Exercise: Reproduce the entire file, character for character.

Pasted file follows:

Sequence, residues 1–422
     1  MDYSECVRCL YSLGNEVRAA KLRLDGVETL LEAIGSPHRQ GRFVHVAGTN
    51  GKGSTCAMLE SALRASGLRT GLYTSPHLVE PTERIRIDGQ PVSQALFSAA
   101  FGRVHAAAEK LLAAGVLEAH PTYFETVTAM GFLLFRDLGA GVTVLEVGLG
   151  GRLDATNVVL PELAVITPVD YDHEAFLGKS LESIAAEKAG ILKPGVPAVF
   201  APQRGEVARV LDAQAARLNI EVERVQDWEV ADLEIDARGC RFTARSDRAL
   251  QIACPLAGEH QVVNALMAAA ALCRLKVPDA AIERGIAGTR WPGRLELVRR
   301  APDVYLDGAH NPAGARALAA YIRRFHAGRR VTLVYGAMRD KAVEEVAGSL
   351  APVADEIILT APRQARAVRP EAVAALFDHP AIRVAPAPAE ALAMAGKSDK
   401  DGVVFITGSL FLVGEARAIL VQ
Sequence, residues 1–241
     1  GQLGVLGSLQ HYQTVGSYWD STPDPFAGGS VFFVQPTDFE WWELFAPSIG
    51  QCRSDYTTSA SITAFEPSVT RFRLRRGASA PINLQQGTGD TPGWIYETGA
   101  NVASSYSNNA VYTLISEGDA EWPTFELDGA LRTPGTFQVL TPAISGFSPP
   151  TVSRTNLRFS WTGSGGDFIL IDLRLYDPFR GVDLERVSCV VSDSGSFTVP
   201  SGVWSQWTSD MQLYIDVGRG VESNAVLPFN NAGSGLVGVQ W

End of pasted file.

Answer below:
Sequence, residues 1–422
     1  MDYSECVRCL YSLGNEVRAA KLRLDGVETL LEAIGSPHRQ GRFVHVAGTN
    51  GKGSTCAMLE SALRASGLRT GLYTSPHLVE PTERIRIDGQ PVSQALFSAA
   101  FGRVHAAAEK LLAAGVLEAH PTYFETVTAM GFLLFRDLGA GVTVLEVGLG
   151  GRLDATNVVL PELAVITPVD YDHEAFLGKS LESIAAEKAG ILKPGVPAVF
   201  APQRGEVARV LDAQAARLNI EVERVQDWEV ADLEIDARGC RFTARSDRAL
   251  QIACPLAGEH QVVNALMAAA ALCRLKVPDA AIERGIAGTR WPGRLELVRR
   301  APDVYLDGAH NPAGARALAA YIRRFHAGRR VTLVYGAMRD KAVEEVAGSL
   351  APVADEIILT APRQARAVRP EAVAALFDHP AIRVAPAPAE ALAMAGKSDK
   401  DGVVFITGSL FLVGEARAIL VQ
Sequence, residues 1–241
     1  GQLGVLGSLQ HYQTVGSYWD STPDPFAGGS VFFVQPTDFE WWELFAPSIG
    51  QCRSDYTTSA SITAFEPSVT RFRLRRGASA PINLQQGTGD TPGWIYETGA
   101  NVASSYSNNA VYTLISEGDA EWPTFELDGA LRTPGTFQVL TPAISGFSPP
   151  TVSRTNLRFS WTGSGGDFIL IDLRLYDPFR GVDLERVSCV VSDSGSFTVP
   201  SGVWSQWTSD MQLYIDVGRG VESNAVLPFN NAGSGLVGVQ W